We should have never let it into the woods or onto the water! What? Technology- that is what.

But wait, didn't my customers and I just escape a violent thunderstorm a couple of weeks ago because I had satellite weather on my phone? I am so confused. Anyway, good or bad, technology is here to stay. The trick is to avoid relying on it in ways where a backfire can ruin your day.

A couple of weeks back I am sitting in a tripod that I have standing up inside the branches of a fallen oak tree overlooking a heavily used game trail. Over the last couple of years I have seen numerous deer using this trail and with the wind blowing the direction that it was that day, it was the perfect spot to ambush an unsuspecting buck.

Now, to put things in perspective, because I think that we should try to minimize our technological edge over the wild things of the world, I choose to hunt with a long bow or recurve rather than a compound bow. Having taken game in the past with a compound, I found it too easy to generate the thrill I'm seeking. So I made the switch and, in turn, have become a better hunter. Where I could previously take shots effectively out to 30-40 yards, I am now limited to about 15 yards, preferably 5-10 yards. The difference is this- a compound shoots with greater velocity and be fitted with sights where traditional gear has neither.

So, I am sitting in a tree with my long bow and wooden arrows overlooking a highly-suspect game trail (notice there is no feeder mentioned here) and everything is perfect in my "technologically free" outdoor experience. And, then I hear some twigs cracking. Sure enough, here came six does walking the trail toward me from the woods. Not interested in the does I kept a vigil eye out for what I hoped would be a buck following and sure enough here came a nice eight point. The moment of truth was upon me- all of these deer were going to walk, single-file, within a few yards of my stand on the trail beneath me. All I had to do is maintain my cool long enough to allow the does to pass without them detecting me and then the buck, which was preoccupied by the girlies ahead, would walk right into the little opening that I had trimmed into the trees.

One doe, two doe, etc. passed until the last one was underneath and I started to draw tension on the string and point the arrow in the direction of the opening. The moment of truth was upon me and the head that was supporting that nice rack passed into the opening. At this point I am aiming and starting to draw… come on, just two more steps and then… the sound of Van Halen's Panama rings out through the woods drowning out the sound of my pounding heart. I had forgotten to turn off my damn phone!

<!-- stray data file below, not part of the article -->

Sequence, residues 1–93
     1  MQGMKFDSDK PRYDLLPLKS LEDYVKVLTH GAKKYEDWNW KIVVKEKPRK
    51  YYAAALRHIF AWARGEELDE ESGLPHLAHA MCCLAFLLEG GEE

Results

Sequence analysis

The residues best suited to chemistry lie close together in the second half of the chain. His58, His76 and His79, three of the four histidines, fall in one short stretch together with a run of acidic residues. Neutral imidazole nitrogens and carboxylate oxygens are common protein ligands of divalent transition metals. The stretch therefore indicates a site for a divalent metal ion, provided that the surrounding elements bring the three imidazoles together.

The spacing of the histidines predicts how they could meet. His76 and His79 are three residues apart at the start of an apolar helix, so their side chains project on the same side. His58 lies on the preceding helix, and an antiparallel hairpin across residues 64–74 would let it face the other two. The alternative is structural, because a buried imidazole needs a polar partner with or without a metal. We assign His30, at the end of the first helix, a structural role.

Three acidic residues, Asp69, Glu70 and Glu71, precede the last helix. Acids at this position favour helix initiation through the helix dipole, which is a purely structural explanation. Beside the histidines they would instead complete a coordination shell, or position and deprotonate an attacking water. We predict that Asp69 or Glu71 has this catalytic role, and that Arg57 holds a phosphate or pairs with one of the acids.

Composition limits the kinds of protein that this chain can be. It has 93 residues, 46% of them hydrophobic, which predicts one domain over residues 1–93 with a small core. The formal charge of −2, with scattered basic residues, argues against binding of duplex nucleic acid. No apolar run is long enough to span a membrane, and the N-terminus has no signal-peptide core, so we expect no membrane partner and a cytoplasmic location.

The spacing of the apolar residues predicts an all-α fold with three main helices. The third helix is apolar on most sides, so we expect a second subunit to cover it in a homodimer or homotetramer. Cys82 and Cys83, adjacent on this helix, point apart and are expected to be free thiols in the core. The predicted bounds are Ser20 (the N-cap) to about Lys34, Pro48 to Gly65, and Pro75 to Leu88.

I was instantly in tears from laughing so hard. Apparently white-tailed deer do not have the same appreciation for the musical genius of Edward Van Halen. Now to add insult to my bruised pride, the call I received at 7:30 that morning was from none other than our illustrious editor- E.J. Once I gained my composure, I called him back and we got a good laugh out of it.

Anyway, that is my most recent horror story of how technology invaded and ruined a great outdoor experience for me but I can assure you there are people who experienced much worse. Case in point would be the guy that waved me down early one morning. When I saw him, I had to do a double-take because to the best of my memory there were some large pilings in the vicinity that showed only on low tide. It turns out that he found them the hard way. "I was following my GPS and it showed nothing but open water here," he told me as I idled alongside.

"How long have you been here?"

"Since just before dark yesterday evening," he responded while he and the others in the boat scratched at mosquito bites too numerous to imagine. "We tried calling for help but my cell does not work very well down here. Do you have a phone I could borrow?"

Let me tell you folks, it could have been so much worse for these people if the tide had been a bit lower and those posts had been sticking up just a few more inches. Which brings me to the point- do not rely on GPS, Google Maps or even a NOAA or USGS chart for navigational purposes. Use them as aids and references only. I routinely see people flying across the bay doing 50 mph staring at their GPS screen and paying no attention whatsoever to what is, or might be in front of them. Remember, you are on the water and things float in the water and are constantly being moved around by tide and wind. This doesn't even take into account that you could run into another boat. What was not there yesterday might be there today.

I personally do not approve of GPS, Google Earth, or any other such device or program being used for navigation.

I think everyone should learn it the way I did- spending time on the bays to learn your way around, slowing down during times of limited visibility, and always using a powerful handheld spotlight when running in the dark. But, unfortunately that is not the way of the world and, I would be a liar to not admit to you that sitting on my desk in front of me is a GPS and several aerial photos that I have taken from an airplane while exploring places that I have not yet fished. The difference is I do not rely on them to get me to and from the fishing grounds and, when I reach the shallows I stop and begin poling with my good old-fashion, technologically superior, graphite composite Stiffy push pole. What a hypocrite, huh?

Certainly I would never encourage anyone to give up their graphite rods, reels with umpteen ball-bearings or Gore-Tex rainwear- I certainly will not be giving up mine. However, I will tell you that you that relying on technology dumbs down the senses and promotes a complacency that takes away from the wonderful experience that is the Texas Outdoors.

Merry Christmas and stuff like that!